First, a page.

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Noonan’s Notes Blog

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Noonan’s Notes Blog is written by a team of Hodgson Russ tax attorneys led by the blog’s namesake, Tim Noonan. Noonan’s Notes Blog regularly provides analysis of and commentary on developments in the world of New York and multistate tax law. Noonan's Notes Blog is a winner of CreditDonkey's Best Tax Blogs Award 2017.

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Timothy Noonan 
Ariele Doolittle
Joseph Endres
Daniel Kelly
Elizabeth Pascal 
Craig Reilly
Andrew Wright 

Can New York Continue to Ignore the Wynne Case?

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Is New York’s taxation of statutory residents unconstitutional? Those who follow state and local tax developments (and readers of this blog) may know that Hodgson Russ has been litigating that question in two parallel cases, Chamberlain and Edelman (past coverage here and here). Both cases hone in on whether the U.S. Supreme Court’s 2015 decision in Comptroller v. Wynne upends New York’s prior precedent on this issue in Tamagni v. Tax Appeals Tribunal, requiring a new constitutional analysis. We think so, and that under an analysis consistent with Wynne, the double taxation faced by people domiciled outside of New York but taxed as statutory residents unconstitutionally burdens and discriminates against interstate commerce.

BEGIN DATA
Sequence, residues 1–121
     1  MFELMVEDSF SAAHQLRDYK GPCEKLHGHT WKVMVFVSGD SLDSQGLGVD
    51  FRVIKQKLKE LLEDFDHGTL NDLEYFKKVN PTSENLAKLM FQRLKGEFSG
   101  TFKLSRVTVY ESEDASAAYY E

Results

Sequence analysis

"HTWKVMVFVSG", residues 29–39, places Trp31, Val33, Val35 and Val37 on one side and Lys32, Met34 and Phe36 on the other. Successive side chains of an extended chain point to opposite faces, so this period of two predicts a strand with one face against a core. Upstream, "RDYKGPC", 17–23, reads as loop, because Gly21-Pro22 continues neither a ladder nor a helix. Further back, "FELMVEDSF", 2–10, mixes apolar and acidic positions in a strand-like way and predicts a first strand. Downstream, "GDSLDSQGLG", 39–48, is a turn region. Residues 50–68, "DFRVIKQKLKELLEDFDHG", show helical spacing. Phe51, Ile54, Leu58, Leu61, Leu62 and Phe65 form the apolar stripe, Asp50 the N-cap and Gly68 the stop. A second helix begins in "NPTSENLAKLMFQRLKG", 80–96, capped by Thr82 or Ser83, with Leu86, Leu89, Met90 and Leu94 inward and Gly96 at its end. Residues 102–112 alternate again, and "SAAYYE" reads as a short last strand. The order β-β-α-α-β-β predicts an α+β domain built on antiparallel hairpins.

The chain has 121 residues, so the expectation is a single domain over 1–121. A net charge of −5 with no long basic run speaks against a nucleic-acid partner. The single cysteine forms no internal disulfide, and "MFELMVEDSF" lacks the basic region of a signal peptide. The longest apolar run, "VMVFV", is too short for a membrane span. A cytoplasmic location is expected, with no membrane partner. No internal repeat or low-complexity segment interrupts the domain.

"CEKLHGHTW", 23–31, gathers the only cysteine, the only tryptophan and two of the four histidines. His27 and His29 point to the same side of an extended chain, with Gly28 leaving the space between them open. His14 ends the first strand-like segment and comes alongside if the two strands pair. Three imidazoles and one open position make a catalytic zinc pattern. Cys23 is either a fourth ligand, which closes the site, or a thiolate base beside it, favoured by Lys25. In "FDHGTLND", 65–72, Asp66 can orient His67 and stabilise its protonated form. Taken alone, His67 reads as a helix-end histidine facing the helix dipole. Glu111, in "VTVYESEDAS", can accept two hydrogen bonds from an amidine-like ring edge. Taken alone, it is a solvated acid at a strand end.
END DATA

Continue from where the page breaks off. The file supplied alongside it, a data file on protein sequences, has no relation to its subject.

We’re clearly not alone in that view. State Tax Notes just published a comprehensive overview and analysis of the Edleman and Chamberlain cases, concluding unambiguously that New York’s Court of Appeals should overturn Tamagni and declare New York’s taxing scheme unconstitutional. The article, entitled “New York Can’t Ignore Wynne Forever,” can be accessed (behind paywall) here.

Chamberlain and Edelman have made their way through the Appellate Division, and now are at the doorstep of Court of Appeals, which must decide whether to take the appeals. As State Tax Notes’ deputy editor, Jennifer Carr, writes: “Wynne seriously undermined the key rationales of Tamagni, and applying Wynne to New York’s credit for statutory residents leaves little room for concluding anything other than that the statute is unconstitutional.”

We’ll know within the next few months whether the Court of Appeals decides to take on these important appeals.

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